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X. Shi



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    JCES01 - Joint IASLC - Chinese Society for Clinical Oncology - Chinese Alliance Against Lung Cancer Session (ID 413)

    • Event: WCLC 2016
    • Type: Joint Chinese / English Session
    • Track:
    • Presentations: 1
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      JCES01.14 - Mutational Profiling of Non-Small-Cell Lung Cancer Patients Resistant to First-Generation EGFR Tyrosine Kinase Inhibitors Using next Generation Sequencing (ID 7056)

      X. Shi

      • Abstract
      • Slides

      Background:
      Patients with advanced non-small-cell lung cancer (NSCLC) harboring sensitive epithelial growth factor receptor (EGFR) mutations invariably develop acquired resistance to EGFR tyrosine kinase inhibitors (TKIs). Although previous research have identified several mechanisms of resistance, the systematic evaluation using next generation sequencing (NGS) to establish the genomic mutation profiles at the time of acquired resistance has not been conducted.

      Methods:
      In our single center, we performed NGS of a pre-defined set of 416 cancer-related genes in a cohort of 97 patients with NSCLC harboring TKI-sensitive EGFR mutations at the time of acquired resistance to first-generation EGFR-TKIs between January 2015 to December 2015.

      Results:
      In 97 samples we found total 345 gene alterations (mean 3.6 mutations per patient, range 1-10). Fifty-six patients (57.7%) still exhibit EGFR-sensitive mutations as pretreatment, 93 patients (95.9%) exhibit at least one mutation except for previous existed EGFR-sensitive mutations. In all the 97 patients, most frequently mutated genes were TP53 (59.8%), T790M (28.9%), TET2 (11.3%), EGFR amplification (10.3%), PIK3CA (8.2%), BIM (8.2%), KRAS (7.2%), APC (7.2%), RB1 (7.2%), HER2 (6.2%), DNMT3A (6.2%) and MET (5.2%).

      Conclusion:
      NGS in this study uncovered many new genetic alterations potentially associated with EGFR TKI resistance and provided information for the further study of drug resistance and corresponding relevant tactics against the challenge of disease progression.

      Only Active Members that have purchased this event or have registered via an access code will be able to view this content. To view this presentation, please login or select "Add to Cart" and proceed to checkout.

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    P3.02b - Poster Session with Presenters Present (ID 494)

    • Event: WCLC 2016
    • Type: Poster Presenters Present
    • Track: Advanced NSCLC
    • Presentations: 1
    • Now Available
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      P3.02b-105 - Mutational profiling of non-small-cell lung cancer patients resistant to first-generation EGFR tyrosine kinase inhibitors using next generation sequencing (Now Available) (ID 3801)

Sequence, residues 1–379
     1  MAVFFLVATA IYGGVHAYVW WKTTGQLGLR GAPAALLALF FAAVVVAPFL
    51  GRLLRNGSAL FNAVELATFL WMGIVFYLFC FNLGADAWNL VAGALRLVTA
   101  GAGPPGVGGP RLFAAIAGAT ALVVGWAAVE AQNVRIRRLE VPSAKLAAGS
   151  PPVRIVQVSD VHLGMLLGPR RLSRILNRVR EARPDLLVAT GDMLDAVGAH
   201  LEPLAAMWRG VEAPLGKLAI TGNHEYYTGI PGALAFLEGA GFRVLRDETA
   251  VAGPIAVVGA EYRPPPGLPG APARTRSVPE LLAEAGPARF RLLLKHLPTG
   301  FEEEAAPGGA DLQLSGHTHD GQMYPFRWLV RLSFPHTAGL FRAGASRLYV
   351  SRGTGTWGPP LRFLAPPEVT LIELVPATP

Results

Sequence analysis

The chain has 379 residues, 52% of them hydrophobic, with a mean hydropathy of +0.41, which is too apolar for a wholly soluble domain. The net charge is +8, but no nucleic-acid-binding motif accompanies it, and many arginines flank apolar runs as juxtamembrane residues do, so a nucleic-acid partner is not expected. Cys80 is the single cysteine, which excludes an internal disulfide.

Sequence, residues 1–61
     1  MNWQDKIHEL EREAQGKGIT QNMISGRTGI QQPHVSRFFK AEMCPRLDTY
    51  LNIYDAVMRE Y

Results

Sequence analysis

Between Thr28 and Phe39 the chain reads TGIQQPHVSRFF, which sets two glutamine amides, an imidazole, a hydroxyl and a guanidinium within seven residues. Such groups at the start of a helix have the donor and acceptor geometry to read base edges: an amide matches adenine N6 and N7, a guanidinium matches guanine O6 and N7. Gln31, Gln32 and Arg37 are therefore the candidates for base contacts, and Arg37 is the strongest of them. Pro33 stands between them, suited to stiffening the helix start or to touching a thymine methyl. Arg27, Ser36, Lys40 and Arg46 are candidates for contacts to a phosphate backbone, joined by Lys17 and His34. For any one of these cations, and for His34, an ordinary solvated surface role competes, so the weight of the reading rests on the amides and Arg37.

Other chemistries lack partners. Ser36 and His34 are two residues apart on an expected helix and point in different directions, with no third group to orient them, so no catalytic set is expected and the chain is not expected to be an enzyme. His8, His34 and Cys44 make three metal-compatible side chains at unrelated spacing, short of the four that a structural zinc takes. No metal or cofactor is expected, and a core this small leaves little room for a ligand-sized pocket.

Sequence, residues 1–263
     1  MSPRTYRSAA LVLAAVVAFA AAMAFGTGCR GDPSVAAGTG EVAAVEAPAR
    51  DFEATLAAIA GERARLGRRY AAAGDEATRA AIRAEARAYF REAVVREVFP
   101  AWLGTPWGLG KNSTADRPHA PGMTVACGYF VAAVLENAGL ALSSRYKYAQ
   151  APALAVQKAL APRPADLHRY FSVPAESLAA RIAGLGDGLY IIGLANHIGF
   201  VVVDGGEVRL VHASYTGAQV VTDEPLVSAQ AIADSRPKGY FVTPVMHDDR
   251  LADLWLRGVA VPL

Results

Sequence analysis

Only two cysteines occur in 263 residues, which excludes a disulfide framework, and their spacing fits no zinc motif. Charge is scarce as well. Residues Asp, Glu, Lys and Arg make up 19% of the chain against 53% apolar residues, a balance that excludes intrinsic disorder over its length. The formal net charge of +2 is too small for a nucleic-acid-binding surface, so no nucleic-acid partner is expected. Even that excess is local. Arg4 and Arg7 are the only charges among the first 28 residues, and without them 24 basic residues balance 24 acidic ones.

X. Shi

      • Abstract
      • Slides

      Background:
      Patients with advanced non-small-cell lung cancer (NSCLC) harboring sensitive epithelial growth factor receptor (EGFR) mutations invariably develop acquired resistance to EGFR tyrosine kinase inhibitors (TKIs). Although previous research have identified several mechanisms of resistance, the systematic evaluation using next generation sequencing (NGS) to establish the genomic mutation profiles at the time of acquired resistance has not been conducted.

      Methods:
      In our single center, we performed NGS of a pre-defined set of 416 cancer-related genes in a cohort of 97 patients with NSCLC harboring TKI-sensitive EGFR mutations at the time of acquired resistance to first-generation EGFR-TKIs between January 2015 to December 2015.

      Results:
      In 97 samples we found total 345 gene alterations (mean 3.6 mutations per patient, range 1-10). Fifty-six patients (57.7%) still exhibit EGFR-sensitive mutations as pretreatment, 93 patients (95.9%) exhibit at least one mutation except for previous existed EGFR-sensitive mutations. In all the 97 patients, most frequently mutated genes were TP53 (59.8%), T790M (28.9%), TET2 (11.3%), EGFR amplification (10.3%), PIK3CA (8.2%), BIM (8.2%), KRAS (7.2%), APC (7.2%), RB1 (7.2%), HER2 (6.2%), DNMT3A (6.2%) and MET (5.2%).

      Conclusion:
      NGS in this study uncovered many new genetic alterations potentially associated with EGFR TKI resistance and provided information for the further study of drug resistance and corresponding relevant tactics against the challenge of disease progression.

      Only Active Members that have purchased this event or have registered via an access code will be able to view this content. To view this presentation, please login or select "Add to Cart" and proceed to checkout.